Many people are familiar with trusts as tools for special needs planning. Not only will a trust ensure that money set aside for a disabled person’s care is used for that purpose, it can also help an individual remain eligible for benefit programs such as Supplemental Security Income (SSI) and Medicaid. Recently, the state of Florida began the ABLE United program which created a new way to save money for the use of a disabled person without adding to his or her assets….
What is a self-settled special needs trust? A self-settled special needs trust is funded using the beneficiary’s own assets. For many years, a disabled person could only set up this type of trust if he or she had a living parent or grandparent, or, if not, by going through court proceedings for approval. In December 2016, the Special Needs Trust Fairness Act was signed into law. Now, those with special needs, but who still have capacity to make their own decisions, can independently create and fund their own trusts….
In the wake of hurricane Irma and hurricane Harvey, now is a great time to create a plan to keep estate planning documents safe and easily accessible in the event of a natural disaster. Many recognize the need to have property and health insurance paperwork readily available, but that is not enough.
If a person’s home is destroyed, other important documents will be as well, including estate plans. Injuries, illnesses and loss of life often occur during events such as hurricanes, floods and earthquakes, not just while they are happening, but in the aftermath due to hazardous conditions, preexisting medical issues and even natural causes….
One of the biggest mistakes a person can make is not periodically reviewing, updating, and modifying his or her estate planning documents. Once drafted, many people tuck these documents away, and don’t think about them again. However, changes in personal circumstances can have an unintended effect on the eventual disposition of an estate.
From guardianship and power of attorney designations to bequests of assets, life changes can affect many decisions made when an estate plan was originally drafted….
According to a study by the Pew Research center, 68% of American adults have a Facebook account, 28% use Instagram and 21% are Twitter users. It is essential for individuals to consider what will happen to their accounts upon death.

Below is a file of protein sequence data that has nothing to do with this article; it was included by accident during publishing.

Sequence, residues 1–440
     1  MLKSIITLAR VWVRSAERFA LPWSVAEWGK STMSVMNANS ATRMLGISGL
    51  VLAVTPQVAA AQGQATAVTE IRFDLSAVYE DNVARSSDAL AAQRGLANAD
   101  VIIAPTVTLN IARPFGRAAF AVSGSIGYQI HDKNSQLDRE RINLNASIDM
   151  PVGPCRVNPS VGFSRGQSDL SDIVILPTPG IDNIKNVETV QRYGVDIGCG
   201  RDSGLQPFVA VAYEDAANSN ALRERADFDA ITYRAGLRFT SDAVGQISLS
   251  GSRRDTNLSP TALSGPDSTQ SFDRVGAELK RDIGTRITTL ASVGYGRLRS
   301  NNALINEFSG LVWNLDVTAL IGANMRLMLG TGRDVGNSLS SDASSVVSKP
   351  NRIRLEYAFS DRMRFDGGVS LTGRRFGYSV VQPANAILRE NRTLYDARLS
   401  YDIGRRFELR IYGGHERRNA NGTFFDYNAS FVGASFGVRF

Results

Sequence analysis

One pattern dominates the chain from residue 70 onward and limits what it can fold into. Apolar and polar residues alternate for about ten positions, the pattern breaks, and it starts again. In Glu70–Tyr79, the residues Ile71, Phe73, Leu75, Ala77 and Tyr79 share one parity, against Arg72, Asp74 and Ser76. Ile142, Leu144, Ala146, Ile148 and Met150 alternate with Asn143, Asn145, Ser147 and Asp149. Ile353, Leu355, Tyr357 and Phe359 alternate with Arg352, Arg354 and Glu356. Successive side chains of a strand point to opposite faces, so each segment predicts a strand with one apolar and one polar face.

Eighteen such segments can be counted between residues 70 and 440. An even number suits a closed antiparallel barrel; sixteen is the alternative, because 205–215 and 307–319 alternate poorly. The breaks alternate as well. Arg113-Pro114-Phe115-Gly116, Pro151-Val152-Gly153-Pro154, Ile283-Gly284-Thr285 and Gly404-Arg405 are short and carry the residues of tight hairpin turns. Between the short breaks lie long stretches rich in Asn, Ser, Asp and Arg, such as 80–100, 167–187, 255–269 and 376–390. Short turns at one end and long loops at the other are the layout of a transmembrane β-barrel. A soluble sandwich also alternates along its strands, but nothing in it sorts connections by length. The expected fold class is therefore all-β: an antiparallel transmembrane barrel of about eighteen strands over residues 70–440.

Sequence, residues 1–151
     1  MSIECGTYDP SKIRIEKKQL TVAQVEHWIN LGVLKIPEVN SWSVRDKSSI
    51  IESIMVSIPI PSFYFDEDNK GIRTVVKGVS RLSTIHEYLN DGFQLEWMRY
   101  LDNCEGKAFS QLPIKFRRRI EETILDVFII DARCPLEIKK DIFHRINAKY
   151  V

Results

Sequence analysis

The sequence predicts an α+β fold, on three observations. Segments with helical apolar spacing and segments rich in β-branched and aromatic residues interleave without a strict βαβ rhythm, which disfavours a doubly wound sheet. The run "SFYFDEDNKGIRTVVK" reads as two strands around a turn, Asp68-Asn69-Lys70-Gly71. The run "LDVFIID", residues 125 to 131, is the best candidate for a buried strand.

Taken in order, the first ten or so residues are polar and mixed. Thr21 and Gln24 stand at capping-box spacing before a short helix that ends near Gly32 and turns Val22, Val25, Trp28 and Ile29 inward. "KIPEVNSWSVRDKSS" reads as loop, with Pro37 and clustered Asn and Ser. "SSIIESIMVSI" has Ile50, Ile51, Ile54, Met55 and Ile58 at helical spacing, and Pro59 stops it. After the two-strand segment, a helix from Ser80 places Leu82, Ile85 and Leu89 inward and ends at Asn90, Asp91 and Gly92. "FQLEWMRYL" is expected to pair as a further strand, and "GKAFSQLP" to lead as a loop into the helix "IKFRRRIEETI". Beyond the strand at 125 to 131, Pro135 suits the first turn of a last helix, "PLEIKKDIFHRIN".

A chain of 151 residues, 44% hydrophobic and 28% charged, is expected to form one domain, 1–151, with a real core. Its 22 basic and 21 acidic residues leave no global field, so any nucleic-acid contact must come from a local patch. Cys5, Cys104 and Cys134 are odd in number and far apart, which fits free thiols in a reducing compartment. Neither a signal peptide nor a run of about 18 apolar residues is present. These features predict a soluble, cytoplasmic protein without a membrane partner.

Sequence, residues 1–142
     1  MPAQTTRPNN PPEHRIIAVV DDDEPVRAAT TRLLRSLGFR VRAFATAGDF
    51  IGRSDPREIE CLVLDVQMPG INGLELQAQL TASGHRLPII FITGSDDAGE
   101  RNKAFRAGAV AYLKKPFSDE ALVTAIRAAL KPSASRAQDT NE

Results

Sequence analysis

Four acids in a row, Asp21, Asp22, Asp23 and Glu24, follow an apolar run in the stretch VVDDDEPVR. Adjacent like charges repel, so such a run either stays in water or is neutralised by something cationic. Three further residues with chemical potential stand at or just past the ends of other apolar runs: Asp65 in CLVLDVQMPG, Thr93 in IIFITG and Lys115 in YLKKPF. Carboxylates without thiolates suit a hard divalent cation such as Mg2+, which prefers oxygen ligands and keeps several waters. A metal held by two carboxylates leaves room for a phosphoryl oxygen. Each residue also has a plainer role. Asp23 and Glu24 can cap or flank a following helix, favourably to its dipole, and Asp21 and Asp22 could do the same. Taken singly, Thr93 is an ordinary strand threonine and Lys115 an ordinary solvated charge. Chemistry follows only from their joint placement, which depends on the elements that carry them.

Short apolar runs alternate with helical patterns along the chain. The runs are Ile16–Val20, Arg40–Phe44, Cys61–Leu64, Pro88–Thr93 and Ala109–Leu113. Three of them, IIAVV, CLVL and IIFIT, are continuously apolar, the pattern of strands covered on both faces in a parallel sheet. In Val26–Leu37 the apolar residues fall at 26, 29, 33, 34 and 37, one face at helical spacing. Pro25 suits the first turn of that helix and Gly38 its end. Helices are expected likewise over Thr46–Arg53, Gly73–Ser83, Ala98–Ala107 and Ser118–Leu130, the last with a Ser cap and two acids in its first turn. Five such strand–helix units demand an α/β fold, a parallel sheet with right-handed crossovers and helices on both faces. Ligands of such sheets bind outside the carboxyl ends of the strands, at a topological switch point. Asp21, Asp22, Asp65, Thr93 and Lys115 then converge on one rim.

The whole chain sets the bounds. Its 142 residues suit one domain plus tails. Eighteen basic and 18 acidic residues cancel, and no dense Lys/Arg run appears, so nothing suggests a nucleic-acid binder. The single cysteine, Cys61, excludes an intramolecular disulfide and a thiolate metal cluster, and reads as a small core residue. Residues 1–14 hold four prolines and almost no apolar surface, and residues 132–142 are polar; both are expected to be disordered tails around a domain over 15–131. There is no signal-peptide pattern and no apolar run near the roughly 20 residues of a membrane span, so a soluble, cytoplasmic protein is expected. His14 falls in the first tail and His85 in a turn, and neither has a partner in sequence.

Facebook and Instagram both provide two options for handling the account of a deceased individual. Under Facebook’s policy, an account can either be memorialized, or deactivated. If memorialization is chosen, once Facebook receives notice and proof of a person’s death, the account becomes a remembrance page, and account activity will be restricted….
When choosing a place to store your advance directives, will, or other estate planning documents, the most important factors to consider are ease of access and a location that will keep the documents free from harm.
Healthcare advance directives, such as living wills and health care surrogate designations, must be quickly accessible. It is a good idea to give a copy of these to the designated and alternate surrogate identified within the documents. Copies can also be given to other close family members or a primary physician….
Most students must take out loans in order to pay for their higher education. However, many people don’t consider what will happen to their student loan debt if they die before it’s paid off.
Most federal student loans do not require a credit check or cosigner, leaving the borrower solely responsible for repayment. The exception to this is the Direct PLUS loan, which can only be obtained by the parents of a dependent undergraduate student, or by students attending professional or graduate school….
The death of a loved one is a stressful time for family and friends. When it comes to funeral arrangements, family members are sometimes at odds over the details. One way a person can help ease the burden on those left behind is to create a plan for burial arrangements.
Arguably, the most important decisions when it comes to final arrangements are whether a person will be cremated or buried, and the location of his or her final resting place….
Most people are familiar with living wills, which generally detail procedures a person does or does not want if he or she becomes incapacitated and needs life-preserving treatment. In addition to a living will, designating a health care surrogate provides further peace of mind that a trusted individual will be making treatment decisions if a person’s ability to communicate is lost.
A health care surrogate designation authorizes a chosen individual to receive medical information and to make decisions regarding the medical care of another….
According to a 2017 caring.com survey, 78 percent of millennials (ages 18-36) don’t have a will, and many gave a lack of assets as a reason for not beginning the estate planning process. But, no matter the current size of the estate, planning ahead is always a good idea.
A will may seem pointless if there are few assets, or a large amount of student loan or other debt. Some young people overlook the value of assets they have, including retirement or investment accounts and life insurance policies….